Friday, February 8, 2008

This blog was created to honor and remember Rocky....and to spread the awareness of animal cruelty. As of now, Feb. 8, Jim Jacobs, the man who shot and killed my dog has been charged with an aggravated misdemeanor, punishable by up to two years imprisonment and/or a $6,250 fine. Please feel free to send this story to friends, other dog owners, animal rights/cruelty prevention advocates...whomever. And of course, please leave a comment if you so desire.

Wednesday, February 6, 2008

Rocky's gone

Early on the afternoon of February 2nd, I knocked on Jim Jacobs’ door, near Conroy, Iowa. I had been looking for my dog, Rocky, for the last twelve hours. He, along with my other two dogs, also Huskies, had accidentally been let out of their fenced in yard by some friends who were visiting the night before.

He opened the door saying, “Who called you?” He had a scowl on his face and there was anger in his voice. I looked down to see he held Rocky’s red collar in his hand, with his nametag attached. I was confused.

“You have my dog?” Where’s my dog, where’s my Rocky?” I asked.

He said, “I shot him,” as he handed over the collar.

I couldn’t believe what I was hearing. “You shot my dog!? You shot my Rocky?” I staggered back a few steps.

“I can’t tolerate stray dogs,” he replied.

I stumbled, doubled over in pain, and stammered out a few words, something like “You SHOT MY DOG? YOU KILLED MY DOG!? WHY! WHY? Where is my Rocky?”

“I threw him in a ditch along the road.”

I don’t know what I said after that. I was in a state of shock and denial. I did manage to call 911, and the sheriff’s deputy soon arrived, taking over from there. I was stumbling around, mumbling incoherently.

Rocky and I were closer than close. He meant the world to me. Although I’ve never had children, he was like my child. You would be hard pressed to find a more loveable, friendlier, sweeter presence in a dog. All of my friends and neighbors would agree. He LIVED to play.

Lady, Rocky’s mother, had also been at Jim’s door with Rocky. My guess is that they had been running for quite a ways, had become disoriented, and did not know their way home. They were not accustomed to being off the leash. This had happened one other time and they ended up at Richard Kummer’s house along Highway 6. He and his wife were kind enough to hold them in their garage for me overnight, and later commented on what sweet natured dogs they were, even asking if they were up for adoption.

Whatever the case, they were at Jim Jacobs’ doorstep seeking nothing more than a helping hand. What Rocky was greeted with was something else entirely. Judging by the size of the hole in his head, I would guess it was a deer slug, although I couldn’t say for sure.

My Dad arrived at some point, and after a brief exchange, between him, the deputy, and Jim, it was arranged that Jim would go get Rocky’s body from the ditch and bring him back to be placed in Dad’s truck. It took all the courage I could muster to look at my boy, my Rocky boy, lying there like that, all bloody, cold, and stiff.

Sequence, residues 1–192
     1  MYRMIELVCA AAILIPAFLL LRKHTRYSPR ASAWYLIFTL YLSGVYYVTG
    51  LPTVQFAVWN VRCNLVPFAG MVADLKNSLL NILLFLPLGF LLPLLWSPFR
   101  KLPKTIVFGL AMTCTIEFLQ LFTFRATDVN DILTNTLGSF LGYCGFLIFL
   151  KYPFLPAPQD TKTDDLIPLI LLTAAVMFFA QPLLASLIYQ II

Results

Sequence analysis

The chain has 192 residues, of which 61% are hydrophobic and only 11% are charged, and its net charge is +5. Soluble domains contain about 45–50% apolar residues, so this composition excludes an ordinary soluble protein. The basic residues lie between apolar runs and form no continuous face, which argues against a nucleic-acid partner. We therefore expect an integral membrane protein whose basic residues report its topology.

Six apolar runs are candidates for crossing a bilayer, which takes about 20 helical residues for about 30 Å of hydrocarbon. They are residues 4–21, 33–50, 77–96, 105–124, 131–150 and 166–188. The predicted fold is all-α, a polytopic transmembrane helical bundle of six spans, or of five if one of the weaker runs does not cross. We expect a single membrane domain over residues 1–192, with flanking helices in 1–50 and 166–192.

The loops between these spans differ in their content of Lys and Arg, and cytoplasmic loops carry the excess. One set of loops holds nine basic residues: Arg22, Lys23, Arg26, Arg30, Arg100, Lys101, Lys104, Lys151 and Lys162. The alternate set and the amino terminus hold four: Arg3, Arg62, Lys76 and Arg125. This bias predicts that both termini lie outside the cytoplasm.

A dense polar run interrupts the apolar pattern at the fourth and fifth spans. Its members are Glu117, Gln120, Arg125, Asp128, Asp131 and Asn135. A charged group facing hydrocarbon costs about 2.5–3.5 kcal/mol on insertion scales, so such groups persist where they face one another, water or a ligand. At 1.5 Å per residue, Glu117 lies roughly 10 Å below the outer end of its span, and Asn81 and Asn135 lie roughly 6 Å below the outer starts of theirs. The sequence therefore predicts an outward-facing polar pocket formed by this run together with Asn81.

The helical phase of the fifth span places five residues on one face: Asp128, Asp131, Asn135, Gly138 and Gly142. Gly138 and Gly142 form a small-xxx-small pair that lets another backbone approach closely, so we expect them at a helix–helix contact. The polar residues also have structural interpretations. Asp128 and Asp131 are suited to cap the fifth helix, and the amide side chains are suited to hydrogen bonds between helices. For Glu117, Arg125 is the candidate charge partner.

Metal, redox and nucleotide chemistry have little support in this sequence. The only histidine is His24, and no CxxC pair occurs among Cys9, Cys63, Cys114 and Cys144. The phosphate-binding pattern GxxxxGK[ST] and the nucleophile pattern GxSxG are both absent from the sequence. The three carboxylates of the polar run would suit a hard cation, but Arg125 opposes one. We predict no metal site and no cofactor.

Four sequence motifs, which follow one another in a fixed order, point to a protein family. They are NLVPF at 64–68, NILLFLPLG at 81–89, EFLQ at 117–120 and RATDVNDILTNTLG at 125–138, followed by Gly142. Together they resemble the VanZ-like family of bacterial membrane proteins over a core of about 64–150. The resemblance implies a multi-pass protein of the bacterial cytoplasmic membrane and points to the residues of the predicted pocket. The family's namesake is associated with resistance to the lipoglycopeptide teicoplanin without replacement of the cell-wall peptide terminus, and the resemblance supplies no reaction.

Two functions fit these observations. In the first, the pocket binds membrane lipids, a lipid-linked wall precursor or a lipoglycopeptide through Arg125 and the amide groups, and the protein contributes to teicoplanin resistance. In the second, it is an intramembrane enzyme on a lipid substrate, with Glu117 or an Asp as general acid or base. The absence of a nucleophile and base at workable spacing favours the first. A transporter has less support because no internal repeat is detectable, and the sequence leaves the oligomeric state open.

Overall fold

I will never know why Jim Jacobs did what he did; why he shot my dog, executed my beloved Rocky, only a few feet from his front door. He was not being threatened, he had no reason to believe he was in any kind of danger, and I do not believe he thought he was shooting at a stray dog. Rocky’s bright red collar and dangling metal nametag would have been in plain view, especially with the porch light on. That same name tag that had his name, my cell number, and my parents’ home number on it. He didn’t bother to call either of those numbers, nor did he bother to call the sheriff, to say the dog he shot, that he thought was a stray, actually belonged to someone. He had plenty of time to do so. It had been at least twelve hours between the time he killed my dog and my arriving at his door.

No, he didn’t do any of those things, but instead dumped Rocky, like some sack of garbage, in a ditch along a country road.

Now that Rocky is in the ground, as I reflect back and continue to be haunted by the horrific details of that afternoon, something has dawned on me. I finally understand why I was confused at the anger in Jim’s voice and eyes when he said, “Who called you!?”, as I approached his door, before he handed me Rocky’s collar. I had just been knocking on EVERYONE’S door, looking for Rocky, but he assumed since I was there at HIS door, that I already knew he had shot my dog, that someone had called me, and there was no further reason to hide the truth.

Rocky’s blood was spattered on the snow, close to the sidewalk, about five or six feet from the front door. The giant hole in his forehead was centered perfectly, between and slightly above his eyes. I think if I were to see Jim tomorrow, I would say this: “It must have been nice for him to sit up so straight and still for you, huh Jim? Almost like you were taking his picture. Was he wagging his tail? Was he looking into your eyes?”

Maybe someday I will find the necessary forgiveness in my heart, maybe there will be a day when I can make my peace with Jim Jacobs for taking away the one who was so, so incredibly dear to me. The two of us were inseparable, and now we are separated. But for now, I am an empty shell of a man, save for a few precious and undying memories.

Rocky was one year and ten days old when he died. I thank the Lord for every precious moment we spent together. God Bless you, Rocky, and may you rest in peace.